Calafato’s wildlife studies developed parallel with and in the same way as his African imagery. It started off as individual animal figures that over time expanded to more complex compositions placed within rural landscapes (almost like a small painting in metal). These include studies of the larger mammals such as elephant, giraffe, lion, leopard, various antelopes and zebra. Sometimes the wildlife and African cultural elements were combined in the
layout of the piece.
 Interestingly, the African as well as the wildlife compositions under the Candida and the later Velia, Carina and Dawu maker’s marks seem to have been made only as separate brooches, pendants, rings, bracelets, earrings, cuff links and key rings but not in the form of necklaces or ensemble pieces.[85]
Figure 9: The African iconography of Calafato, moving from individual figures to more complex compositions of cultural life.
(Photograph: Hellmut Wilhelm, Pretoria, 2009-04-23)
 Socio-political contexts
Since job reservation laws during the apartheid years prevented Black South Africans from being trained in jewellery manufacturing, Calafato also attempted in the mid 1960’s to set up a workshop in Swaziland with the help of his brother, Antonio Calafato. However, due to logistical problems this outsourcing venture did not last long.[86]
Clandestinely, Calafato trained some of his Black workers to do enamel work.[87] They also attached pins to brooches, soldered, and did piercing, sawing and striking.[88] During government inspections the workers returned to menial jobs.[89]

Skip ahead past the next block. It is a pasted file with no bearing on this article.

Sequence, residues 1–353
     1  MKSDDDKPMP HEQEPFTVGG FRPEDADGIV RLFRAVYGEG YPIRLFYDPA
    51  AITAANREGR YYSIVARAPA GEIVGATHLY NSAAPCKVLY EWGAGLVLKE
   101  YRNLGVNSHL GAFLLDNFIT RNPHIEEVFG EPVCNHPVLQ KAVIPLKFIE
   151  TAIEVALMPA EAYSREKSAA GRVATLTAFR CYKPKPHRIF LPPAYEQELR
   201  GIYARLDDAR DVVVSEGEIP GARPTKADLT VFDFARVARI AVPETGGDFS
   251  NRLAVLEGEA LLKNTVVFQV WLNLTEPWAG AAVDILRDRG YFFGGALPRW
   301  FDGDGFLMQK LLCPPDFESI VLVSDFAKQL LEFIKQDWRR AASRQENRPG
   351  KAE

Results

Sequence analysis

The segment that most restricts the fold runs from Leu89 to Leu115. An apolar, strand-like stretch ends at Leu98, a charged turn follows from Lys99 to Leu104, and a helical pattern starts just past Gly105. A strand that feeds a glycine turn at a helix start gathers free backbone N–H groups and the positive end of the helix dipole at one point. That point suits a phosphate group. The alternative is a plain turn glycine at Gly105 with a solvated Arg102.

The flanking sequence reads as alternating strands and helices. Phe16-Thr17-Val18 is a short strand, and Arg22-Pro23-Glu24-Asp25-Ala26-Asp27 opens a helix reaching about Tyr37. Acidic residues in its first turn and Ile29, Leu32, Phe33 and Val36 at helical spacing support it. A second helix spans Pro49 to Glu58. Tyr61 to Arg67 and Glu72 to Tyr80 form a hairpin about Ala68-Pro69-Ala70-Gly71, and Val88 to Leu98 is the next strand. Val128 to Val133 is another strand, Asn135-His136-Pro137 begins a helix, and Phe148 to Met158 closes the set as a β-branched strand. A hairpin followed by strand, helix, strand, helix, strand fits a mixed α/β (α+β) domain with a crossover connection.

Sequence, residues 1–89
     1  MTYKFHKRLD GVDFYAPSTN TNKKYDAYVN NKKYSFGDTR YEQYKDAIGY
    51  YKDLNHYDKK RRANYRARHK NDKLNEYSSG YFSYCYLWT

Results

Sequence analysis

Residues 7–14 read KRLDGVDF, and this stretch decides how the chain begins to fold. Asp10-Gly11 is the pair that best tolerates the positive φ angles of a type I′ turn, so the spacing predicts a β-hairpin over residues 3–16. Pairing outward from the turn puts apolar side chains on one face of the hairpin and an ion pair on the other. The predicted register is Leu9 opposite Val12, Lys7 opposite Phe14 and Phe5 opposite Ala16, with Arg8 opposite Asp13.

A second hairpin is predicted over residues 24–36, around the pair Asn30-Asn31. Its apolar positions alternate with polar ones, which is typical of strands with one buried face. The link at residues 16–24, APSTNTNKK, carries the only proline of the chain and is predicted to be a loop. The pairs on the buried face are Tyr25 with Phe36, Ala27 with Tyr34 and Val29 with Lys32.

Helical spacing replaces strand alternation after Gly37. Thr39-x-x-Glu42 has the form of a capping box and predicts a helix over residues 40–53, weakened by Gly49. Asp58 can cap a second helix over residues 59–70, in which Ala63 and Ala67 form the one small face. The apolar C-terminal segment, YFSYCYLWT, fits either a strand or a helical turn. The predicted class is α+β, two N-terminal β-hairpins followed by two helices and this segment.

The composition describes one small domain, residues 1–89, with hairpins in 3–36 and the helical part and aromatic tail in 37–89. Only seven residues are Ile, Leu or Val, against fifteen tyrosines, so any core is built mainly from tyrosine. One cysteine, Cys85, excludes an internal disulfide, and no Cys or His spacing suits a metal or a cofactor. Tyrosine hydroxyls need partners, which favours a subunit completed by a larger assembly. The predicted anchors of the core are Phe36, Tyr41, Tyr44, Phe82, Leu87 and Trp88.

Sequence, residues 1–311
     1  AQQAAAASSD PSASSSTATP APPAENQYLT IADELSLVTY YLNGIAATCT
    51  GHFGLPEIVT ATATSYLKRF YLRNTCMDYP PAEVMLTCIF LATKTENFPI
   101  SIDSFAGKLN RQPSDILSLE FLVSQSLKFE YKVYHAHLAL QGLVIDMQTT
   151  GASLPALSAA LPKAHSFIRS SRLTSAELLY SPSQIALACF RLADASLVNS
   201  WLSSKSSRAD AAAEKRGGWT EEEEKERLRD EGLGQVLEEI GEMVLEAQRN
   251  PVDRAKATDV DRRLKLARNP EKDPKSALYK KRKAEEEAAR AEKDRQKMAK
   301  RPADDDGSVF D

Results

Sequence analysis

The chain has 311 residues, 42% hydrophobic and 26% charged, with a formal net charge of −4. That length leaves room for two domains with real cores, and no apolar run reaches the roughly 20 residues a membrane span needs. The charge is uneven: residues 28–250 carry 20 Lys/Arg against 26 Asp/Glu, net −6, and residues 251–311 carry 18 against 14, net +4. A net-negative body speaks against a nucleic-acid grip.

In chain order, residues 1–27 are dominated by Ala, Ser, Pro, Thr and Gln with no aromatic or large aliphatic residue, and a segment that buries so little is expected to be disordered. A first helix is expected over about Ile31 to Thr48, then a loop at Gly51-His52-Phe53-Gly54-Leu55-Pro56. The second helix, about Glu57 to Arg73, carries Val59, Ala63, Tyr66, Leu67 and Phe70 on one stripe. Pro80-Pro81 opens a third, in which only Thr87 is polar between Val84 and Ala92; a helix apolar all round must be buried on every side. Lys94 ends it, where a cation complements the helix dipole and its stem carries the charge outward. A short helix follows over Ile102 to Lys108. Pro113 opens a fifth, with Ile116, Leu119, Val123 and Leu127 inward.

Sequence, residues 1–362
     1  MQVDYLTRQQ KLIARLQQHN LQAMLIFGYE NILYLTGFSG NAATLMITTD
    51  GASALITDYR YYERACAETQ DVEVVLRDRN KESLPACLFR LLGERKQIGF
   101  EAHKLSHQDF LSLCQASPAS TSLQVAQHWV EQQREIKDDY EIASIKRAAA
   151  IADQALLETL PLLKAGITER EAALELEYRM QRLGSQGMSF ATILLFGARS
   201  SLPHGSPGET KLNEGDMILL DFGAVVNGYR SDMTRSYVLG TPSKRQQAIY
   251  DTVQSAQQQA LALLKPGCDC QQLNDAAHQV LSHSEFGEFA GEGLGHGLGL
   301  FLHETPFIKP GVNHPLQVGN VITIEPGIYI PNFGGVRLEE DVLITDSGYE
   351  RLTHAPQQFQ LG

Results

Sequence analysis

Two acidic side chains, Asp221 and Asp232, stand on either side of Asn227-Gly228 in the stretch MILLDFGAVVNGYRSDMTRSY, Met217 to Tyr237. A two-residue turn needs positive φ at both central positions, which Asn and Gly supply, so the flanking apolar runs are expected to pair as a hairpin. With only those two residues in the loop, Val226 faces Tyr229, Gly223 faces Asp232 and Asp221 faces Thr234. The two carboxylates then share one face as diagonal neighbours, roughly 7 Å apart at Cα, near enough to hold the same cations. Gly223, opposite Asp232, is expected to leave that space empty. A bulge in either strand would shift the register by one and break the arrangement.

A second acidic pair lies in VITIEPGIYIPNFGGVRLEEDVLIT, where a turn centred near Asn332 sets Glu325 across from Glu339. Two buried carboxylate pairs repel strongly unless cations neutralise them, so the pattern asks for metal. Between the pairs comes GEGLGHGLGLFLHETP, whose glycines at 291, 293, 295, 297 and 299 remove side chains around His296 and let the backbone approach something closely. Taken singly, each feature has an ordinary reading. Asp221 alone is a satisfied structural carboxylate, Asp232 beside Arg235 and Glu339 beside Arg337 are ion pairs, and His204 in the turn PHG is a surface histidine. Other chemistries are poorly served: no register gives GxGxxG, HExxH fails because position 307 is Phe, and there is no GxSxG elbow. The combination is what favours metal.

Whilst Calafato and his partner undermined the labour restriction laws of the time, the nationalist government and parastatal organisations were clients of his. His work also reflected the need for nationalist symbols such as images of springbuck and proteas along with commissioned medals of ministers’ profiles to commemorate the fifth anniversary of the Republic of South Africa in 1965 along with the National Party’s 50th anniversary. For the latter, he made a medal depicting the profiles of its four prime ministers Strydom, Hertzog, Malan and Verwoerd.[90]
In the late 1960s Calafato’s request to import Italian artisans was refused by the Nationalist Government. Nevertheless, a number of local Italian prisoners of war who elected to stay in country were trained in various capacities in the manufacturing process. Earlier requests to allow German artisans to work with him, were granted though.[91]
Market value
Because of its good quality, attention to detail, pleasing interpretations, and containing maker’s marks, his work has always been in demand and has lent itself very well to the collectible market. Over time his legacy has also become increasingly sought after.[92] A silver plated Velia pin with an elephant design sold in 1999 on e-bay for 31US$ (about R375 when translated to the 2009 rand value).[93]
In 2009, average market prices were as follows: Earrings, brooches and pendants in sterling silver are separately on offer from R 400 to R900; bracelets sell between R1200 to R2000 each and the asking price for necklaces range from R1 800 to R 3 000. Ensemble or parure sets (consisting of 3 or more matching pieces) cost upwards from R5 000. [94] These do not often appear on the market though, since dealers find it easier to sell the pieces separately.  
Joe Calafato possessed a unique combination of skills with which he contributed significantly to South African cultural heritage. Not only was he a successful businessman and employer, but he also shared his talents and experience as an artist and a craftsman with many others.